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Regeneration biology of Erigeron decumbens var. decumbens, an endangered plant of the Willamette Valley Public Deposited

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  • Erigeron decumbens var. decumbens, the Willamette daisy, is known only from the Willamette Valley of Oregon. Herbarium records, from the 1800's until 1934, indicate that the Willamette daisy was once common and widely distributed throughout the Willamette Valley (Clark et al. 1993). However, between 1934 and 1980, this taxon was not observed or collected and was considered to be extinct until its discovery in 1980 at Willow Creek (Lane County) by James Kagan, and at Finley National Wildlife Refuge (Benton County) by Robert Meinke (Clark et al 1993). Presently, Erigeron decumbens var. decumbens populations are found in both wetland and upland prairies. The wetland prairies have seasonally flooded hydric soils often characterized by an abundance of Deschampsia cespitosa (tufted hairgrass). The upland prairies, in contrast, have well-drained soils and are characterized by a mix of native bunch grasses, including Festuca rubra (red fescue), Bromus carinatus, and Elymus glaucus. Scattered Quercus garryana (white oak) are often present. Both the upland and wetland prairies are believed to have been maintained by fires set by indigenous people to increase abundance of food plants and for ease of hunting (Toepel 1991). The frequent fires prevented the establishment of woody species. Since the arrival of settlers in the mid-1800's, large-scale fires have been prevented, allowing the encroachment of trees and shrubs onto the prairies. Now, these prairies, both wetland and upland, are considered among the rarest of western Oregon's ecosystems. Historically, Willamette daisy populations were destroyed by housing and industrial development, farming, grazing of livestock, and secondary succession. Today, survival of remaining Erigeron decumbens var. decumbens populations is threatened by urban development, increases in cover of woody species, and competition from weedy non-native species. There are currently 18 remaining known populations of Erigeron decumbens var. decumbens in six distinct areas of the Willamette Valley. The northern- and western- most population at Grand Ronde is approximately 100 km from the southernmost population at Goshen. Grand Ronde is about 70 km west of the easternmost population near Silverton. Erigeron decumbens var. decumbens is federally listed as a Category 1 Candidate (U.S. Fish and Wildlife Service 1990) and as Endangered under Oregon State Law.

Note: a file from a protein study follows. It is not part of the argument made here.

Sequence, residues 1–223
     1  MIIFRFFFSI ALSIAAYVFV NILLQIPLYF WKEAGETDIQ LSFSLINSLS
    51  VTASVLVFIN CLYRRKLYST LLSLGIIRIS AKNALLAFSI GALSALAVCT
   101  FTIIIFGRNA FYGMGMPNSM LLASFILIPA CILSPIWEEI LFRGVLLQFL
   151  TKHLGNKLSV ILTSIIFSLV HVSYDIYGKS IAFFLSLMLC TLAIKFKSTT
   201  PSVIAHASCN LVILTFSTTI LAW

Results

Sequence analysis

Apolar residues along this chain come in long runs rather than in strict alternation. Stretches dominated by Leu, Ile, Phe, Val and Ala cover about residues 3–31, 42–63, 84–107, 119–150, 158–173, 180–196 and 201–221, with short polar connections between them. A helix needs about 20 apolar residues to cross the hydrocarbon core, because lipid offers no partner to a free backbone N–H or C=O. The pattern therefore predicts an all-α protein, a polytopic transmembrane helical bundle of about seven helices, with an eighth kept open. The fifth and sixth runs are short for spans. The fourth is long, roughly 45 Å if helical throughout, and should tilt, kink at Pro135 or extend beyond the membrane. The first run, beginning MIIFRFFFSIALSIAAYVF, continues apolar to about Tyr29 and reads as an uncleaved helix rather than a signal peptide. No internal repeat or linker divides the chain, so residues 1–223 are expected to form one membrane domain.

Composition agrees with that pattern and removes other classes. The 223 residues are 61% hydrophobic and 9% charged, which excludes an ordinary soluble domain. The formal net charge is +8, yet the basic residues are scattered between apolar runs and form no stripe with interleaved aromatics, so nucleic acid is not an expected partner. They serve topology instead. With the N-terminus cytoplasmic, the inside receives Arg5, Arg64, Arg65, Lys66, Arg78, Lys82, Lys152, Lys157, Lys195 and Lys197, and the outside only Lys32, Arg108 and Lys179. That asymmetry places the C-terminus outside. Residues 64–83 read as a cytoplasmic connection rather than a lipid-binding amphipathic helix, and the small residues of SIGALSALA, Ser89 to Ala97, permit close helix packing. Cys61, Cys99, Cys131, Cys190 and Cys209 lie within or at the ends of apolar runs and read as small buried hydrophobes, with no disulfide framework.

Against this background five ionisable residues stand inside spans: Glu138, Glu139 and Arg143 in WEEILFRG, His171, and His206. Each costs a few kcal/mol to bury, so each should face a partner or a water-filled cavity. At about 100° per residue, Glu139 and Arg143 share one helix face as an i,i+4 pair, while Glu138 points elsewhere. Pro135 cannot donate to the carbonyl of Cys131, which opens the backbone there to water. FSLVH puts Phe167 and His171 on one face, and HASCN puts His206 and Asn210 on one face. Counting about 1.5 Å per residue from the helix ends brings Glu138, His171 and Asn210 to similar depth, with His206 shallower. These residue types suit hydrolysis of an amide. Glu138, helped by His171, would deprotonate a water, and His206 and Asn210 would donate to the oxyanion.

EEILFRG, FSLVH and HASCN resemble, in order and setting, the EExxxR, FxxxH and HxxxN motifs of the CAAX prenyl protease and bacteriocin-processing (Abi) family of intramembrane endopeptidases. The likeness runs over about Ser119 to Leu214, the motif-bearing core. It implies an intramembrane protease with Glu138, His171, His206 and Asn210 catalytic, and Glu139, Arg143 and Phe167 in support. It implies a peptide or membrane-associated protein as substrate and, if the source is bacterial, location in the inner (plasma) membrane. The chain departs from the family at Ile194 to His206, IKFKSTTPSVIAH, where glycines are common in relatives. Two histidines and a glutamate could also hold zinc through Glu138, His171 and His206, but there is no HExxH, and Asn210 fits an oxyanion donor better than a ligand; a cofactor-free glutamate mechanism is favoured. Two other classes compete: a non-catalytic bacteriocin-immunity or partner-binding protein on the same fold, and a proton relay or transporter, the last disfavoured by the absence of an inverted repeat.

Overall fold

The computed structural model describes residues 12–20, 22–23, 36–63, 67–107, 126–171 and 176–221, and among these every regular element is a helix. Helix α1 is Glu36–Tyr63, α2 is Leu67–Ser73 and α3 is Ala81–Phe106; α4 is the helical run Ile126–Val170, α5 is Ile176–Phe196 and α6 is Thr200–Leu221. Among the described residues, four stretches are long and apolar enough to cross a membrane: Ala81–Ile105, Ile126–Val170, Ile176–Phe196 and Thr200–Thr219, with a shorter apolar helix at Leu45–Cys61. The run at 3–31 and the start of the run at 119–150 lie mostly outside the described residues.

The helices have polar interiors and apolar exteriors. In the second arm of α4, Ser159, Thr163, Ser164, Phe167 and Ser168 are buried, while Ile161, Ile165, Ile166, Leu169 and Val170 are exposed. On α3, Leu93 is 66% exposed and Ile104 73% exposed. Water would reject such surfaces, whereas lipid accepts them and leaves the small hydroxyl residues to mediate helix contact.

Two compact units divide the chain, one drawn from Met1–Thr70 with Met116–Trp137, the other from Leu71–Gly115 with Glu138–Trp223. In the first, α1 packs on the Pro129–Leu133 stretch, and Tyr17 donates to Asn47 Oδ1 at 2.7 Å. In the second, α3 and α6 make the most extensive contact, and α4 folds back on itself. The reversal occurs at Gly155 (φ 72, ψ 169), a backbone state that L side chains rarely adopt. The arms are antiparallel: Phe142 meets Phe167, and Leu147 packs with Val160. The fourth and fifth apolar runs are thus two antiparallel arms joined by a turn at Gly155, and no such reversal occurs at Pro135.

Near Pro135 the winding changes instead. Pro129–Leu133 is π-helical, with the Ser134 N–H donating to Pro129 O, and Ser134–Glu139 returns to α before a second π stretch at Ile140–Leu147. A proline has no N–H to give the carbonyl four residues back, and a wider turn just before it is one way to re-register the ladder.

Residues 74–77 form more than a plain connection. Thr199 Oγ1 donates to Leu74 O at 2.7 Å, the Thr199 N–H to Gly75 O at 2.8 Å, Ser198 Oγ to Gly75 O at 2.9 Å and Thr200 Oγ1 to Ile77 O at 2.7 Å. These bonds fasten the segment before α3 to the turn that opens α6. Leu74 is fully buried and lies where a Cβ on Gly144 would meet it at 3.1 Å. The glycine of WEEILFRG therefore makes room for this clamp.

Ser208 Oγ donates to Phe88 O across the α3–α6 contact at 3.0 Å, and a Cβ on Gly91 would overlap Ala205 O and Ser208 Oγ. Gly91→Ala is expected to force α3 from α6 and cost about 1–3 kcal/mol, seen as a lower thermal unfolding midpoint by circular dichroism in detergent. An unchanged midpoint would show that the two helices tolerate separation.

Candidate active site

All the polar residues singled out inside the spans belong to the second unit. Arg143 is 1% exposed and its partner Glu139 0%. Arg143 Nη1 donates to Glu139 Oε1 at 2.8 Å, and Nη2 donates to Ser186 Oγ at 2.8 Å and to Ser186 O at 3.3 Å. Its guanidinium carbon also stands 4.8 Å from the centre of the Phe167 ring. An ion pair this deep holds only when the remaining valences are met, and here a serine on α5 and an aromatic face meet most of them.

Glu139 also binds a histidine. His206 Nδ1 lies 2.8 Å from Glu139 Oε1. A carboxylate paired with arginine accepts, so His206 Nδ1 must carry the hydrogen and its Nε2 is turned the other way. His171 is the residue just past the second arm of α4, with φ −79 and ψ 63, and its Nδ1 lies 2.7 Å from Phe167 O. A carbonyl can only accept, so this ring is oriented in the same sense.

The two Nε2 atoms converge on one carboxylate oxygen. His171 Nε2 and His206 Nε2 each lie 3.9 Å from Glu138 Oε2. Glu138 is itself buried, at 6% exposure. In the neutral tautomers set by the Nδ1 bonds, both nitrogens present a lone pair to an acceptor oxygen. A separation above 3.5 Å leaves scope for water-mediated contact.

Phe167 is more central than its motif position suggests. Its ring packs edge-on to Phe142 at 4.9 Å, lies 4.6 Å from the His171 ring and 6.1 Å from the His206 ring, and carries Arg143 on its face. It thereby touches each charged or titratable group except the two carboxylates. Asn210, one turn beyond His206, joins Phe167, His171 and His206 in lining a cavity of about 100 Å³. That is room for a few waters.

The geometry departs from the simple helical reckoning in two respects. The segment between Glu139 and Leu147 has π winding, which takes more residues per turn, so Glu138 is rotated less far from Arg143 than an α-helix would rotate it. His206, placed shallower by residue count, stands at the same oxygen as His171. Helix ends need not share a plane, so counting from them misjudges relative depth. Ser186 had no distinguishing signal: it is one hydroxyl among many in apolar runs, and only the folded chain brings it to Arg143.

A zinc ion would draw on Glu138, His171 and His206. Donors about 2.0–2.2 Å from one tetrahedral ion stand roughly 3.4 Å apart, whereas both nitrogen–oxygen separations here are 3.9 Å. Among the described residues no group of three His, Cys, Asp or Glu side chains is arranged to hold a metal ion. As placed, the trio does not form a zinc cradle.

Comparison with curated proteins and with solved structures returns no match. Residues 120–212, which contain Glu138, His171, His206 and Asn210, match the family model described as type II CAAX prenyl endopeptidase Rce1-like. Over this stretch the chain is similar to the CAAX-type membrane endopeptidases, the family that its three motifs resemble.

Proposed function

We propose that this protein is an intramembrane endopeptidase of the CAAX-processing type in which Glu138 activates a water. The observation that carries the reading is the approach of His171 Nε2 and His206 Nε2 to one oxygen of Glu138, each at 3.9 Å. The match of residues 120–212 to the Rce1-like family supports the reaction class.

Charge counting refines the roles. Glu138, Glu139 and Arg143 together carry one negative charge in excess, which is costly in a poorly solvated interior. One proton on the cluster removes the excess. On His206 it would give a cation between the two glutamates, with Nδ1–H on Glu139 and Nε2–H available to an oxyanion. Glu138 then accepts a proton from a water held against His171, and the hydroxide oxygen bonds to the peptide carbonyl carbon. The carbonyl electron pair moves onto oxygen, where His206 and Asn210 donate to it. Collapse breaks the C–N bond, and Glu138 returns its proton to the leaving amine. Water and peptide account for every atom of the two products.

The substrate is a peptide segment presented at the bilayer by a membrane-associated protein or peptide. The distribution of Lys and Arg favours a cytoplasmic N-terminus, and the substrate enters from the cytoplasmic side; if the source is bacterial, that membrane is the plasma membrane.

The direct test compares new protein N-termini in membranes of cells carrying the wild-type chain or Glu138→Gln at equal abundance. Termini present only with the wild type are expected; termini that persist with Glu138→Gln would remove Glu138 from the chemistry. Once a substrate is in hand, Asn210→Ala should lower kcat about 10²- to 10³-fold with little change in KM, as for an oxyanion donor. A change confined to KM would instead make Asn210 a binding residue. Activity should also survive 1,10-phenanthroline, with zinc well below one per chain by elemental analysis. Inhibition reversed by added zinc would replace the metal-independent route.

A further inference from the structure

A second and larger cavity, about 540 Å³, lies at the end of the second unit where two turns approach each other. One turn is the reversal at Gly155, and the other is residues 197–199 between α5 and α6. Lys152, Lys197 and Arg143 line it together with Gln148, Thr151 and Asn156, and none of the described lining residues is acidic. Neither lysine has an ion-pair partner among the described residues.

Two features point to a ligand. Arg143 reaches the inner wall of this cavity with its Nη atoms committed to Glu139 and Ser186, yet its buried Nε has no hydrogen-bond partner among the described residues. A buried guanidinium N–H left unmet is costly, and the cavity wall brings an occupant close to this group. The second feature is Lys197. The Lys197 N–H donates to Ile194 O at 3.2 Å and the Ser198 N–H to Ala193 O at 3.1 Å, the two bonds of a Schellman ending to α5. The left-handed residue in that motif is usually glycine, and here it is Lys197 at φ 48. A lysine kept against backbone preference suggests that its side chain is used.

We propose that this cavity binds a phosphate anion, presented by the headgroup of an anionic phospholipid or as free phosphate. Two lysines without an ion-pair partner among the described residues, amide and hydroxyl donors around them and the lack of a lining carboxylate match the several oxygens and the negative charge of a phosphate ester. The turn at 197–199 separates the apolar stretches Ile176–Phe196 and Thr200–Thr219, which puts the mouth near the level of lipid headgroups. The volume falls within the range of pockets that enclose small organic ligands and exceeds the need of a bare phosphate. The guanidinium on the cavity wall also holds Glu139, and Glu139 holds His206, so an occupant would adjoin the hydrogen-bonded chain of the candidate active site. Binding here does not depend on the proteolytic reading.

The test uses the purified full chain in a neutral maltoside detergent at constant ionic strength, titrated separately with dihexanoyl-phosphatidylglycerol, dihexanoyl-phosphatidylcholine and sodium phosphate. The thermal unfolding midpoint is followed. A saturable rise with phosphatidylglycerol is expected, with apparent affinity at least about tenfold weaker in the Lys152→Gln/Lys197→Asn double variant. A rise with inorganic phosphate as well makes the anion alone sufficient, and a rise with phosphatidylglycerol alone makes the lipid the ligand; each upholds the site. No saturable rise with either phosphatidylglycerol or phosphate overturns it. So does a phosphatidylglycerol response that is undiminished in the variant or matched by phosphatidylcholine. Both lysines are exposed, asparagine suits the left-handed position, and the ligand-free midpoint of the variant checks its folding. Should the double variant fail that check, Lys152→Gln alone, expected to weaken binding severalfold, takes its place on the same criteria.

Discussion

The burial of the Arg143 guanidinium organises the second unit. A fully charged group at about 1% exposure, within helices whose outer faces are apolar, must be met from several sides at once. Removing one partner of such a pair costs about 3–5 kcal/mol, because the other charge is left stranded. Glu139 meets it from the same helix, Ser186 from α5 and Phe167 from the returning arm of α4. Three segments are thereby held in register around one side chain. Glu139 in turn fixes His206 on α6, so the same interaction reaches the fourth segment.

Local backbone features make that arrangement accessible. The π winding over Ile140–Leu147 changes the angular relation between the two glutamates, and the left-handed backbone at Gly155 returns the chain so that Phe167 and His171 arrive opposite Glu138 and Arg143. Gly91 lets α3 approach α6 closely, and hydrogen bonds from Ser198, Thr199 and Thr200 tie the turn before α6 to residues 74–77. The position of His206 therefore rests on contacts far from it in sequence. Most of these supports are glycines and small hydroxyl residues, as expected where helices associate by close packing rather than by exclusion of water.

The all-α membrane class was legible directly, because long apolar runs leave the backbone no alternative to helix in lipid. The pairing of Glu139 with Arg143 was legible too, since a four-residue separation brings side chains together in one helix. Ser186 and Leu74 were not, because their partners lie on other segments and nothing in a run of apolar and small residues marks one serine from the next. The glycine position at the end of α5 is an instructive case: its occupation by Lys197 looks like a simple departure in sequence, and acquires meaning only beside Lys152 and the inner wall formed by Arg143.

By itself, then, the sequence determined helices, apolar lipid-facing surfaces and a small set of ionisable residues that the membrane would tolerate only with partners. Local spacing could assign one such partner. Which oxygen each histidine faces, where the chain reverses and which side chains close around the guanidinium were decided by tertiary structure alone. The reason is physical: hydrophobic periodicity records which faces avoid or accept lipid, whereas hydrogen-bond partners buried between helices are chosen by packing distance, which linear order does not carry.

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  • Prepared for Oregon Department of Agriculture, Plant Conservation Biology Program, 635 Capitol Street NE, Salem, Oregon



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